European Commission - Press release
State Aid: Commission orders Germany to recover incompatible aid for disposal of animal carcasses and slaughterhouse waste in Rhineland-Palatinate
Brussels, 25 April 2012 - The European Commission found that public support in favour of "Zweckverband Tierkörperbeseitigung in Rhineland-Palatinate" (ZT) - a local provider of services for the disposal of dead animal carcasses and slaughterhouse waste - was incompatible with EU state aid rules and has ordered Germany to recover incompatible aid of approximately €30 million from the beneficiary. The Commission's investigation found, in particular, that ZT had no extra costs for discharging a public service, because it had sufficient spare capacity besides its normal operations to master an epidemic outbreak, and was therefore not entitled to receive public compensation.
ZT has continuously received annual support of approximately € 2.25 million from its owners, i.e. the regional authorities of Rhineland-Palatinate, to make good for its incurred losses. Germany contends that those annual public payments would be justified to compensate ZT for the discharge of a public service obligation, namely the retention of spare capacity to be able to deal with the increased number of carcasses in case of an epidemic outbreak (e.g. foot-and-mouth disease). This line of reasoning was also taken by the highest German Administrative Court (Bundesverwaltungsgericht) in national proceedings on the same case.
In its in-depth investigation, the Commission established that the ZT had no extra costs for retaining extra spare-capacity, because it could rely on unused capacity at night and on weekends in times of crisis. Furthermore, the Commission, taking into account the jurisprudence of the European Court of Justice (ECJ) in its GEMO judgement of November 2003 (case C-126/01), concluded that polluters (e.g. farmers and slaughterhouses) are fully liable to pay for all costs related to the disposal of animal waste. Finally the Commission's investigation established that ZT had used the state support to pursue an economically unsustainable and aggressive pricing policy by offering disposal services at a loss.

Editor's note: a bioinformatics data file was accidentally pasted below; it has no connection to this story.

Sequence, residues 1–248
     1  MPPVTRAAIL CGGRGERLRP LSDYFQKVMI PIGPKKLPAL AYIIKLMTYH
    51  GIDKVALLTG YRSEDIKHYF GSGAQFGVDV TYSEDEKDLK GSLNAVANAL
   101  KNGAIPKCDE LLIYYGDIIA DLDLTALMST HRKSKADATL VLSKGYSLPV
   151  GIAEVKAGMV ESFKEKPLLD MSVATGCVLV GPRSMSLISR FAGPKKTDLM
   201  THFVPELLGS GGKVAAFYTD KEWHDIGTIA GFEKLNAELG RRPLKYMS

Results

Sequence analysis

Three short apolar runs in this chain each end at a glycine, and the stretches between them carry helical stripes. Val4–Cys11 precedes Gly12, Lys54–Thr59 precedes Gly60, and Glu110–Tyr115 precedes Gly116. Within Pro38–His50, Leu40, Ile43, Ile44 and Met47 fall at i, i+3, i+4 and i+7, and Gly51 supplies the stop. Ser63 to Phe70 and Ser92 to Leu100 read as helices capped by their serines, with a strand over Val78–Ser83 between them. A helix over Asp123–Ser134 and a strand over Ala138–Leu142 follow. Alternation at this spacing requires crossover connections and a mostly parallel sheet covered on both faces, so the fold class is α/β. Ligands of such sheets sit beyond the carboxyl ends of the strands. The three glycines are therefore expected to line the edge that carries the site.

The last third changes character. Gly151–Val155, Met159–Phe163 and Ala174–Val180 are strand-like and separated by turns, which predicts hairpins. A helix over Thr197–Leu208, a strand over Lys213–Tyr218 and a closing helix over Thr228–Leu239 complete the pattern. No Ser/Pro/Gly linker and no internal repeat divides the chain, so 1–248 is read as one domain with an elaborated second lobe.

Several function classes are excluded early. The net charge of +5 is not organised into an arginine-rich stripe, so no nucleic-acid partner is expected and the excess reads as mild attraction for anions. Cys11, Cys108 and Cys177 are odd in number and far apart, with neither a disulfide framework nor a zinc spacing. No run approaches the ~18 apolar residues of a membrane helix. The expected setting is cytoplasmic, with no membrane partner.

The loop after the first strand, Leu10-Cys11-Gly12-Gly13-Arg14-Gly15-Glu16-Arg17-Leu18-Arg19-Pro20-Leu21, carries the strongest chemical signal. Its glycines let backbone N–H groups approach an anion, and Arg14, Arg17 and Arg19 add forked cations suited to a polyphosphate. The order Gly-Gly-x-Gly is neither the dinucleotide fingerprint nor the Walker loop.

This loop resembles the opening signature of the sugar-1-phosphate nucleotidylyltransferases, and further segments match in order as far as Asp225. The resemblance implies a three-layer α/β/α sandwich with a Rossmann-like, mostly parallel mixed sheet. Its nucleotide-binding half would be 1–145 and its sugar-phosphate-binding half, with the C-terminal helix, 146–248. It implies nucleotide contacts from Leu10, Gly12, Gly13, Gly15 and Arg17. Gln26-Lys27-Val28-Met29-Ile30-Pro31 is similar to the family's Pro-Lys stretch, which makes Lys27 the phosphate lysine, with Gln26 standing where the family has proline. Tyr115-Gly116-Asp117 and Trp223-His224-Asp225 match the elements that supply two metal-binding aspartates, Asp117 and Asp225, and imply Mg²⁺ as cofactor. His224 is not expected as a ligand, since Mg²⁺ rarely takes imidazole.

Consequently, the Commission found that ZT's annual loss compensations could not be justified as public service compensation but merely covered normal operating costs of the company, giving it an undue economic advantage over its competitors who have to operate without such subsidies.
In July 2010, following a complaint, the Commission opened an in-depth investigation into the activities of ZT. ZT holds an exclusive right for the disposal of hazardous animal waste in Rhineland-Palatinate. It also offers disposal services for non-hazardous animal waste and in 2007 won a bid for the disposal of hazardous animal waste in Hesse.
Today's decision is in line with EU rules on state aid in the agriculture and forestry sector (see OJ/C2006/319), which clearly hold that only farmers are eligible for state aid to finance the disposal costs of dead animal carcasses. Any other companies, like ZT, are not eligible for state aid, in order to avoid any undue distortions of competition.
The non-confidential version of the decision will be made available under case number C19/2010 in the State Aid Register on the DG Competition website once any confidentiality issues have been resolved. New publications of state aid decisions on the internet and in the Official Journal are listed in the State Aid Weekly e-News.
Antoine Colombani (+32 2 297 45 13)
Maria Madrid Pina (+32 2 295 45 30)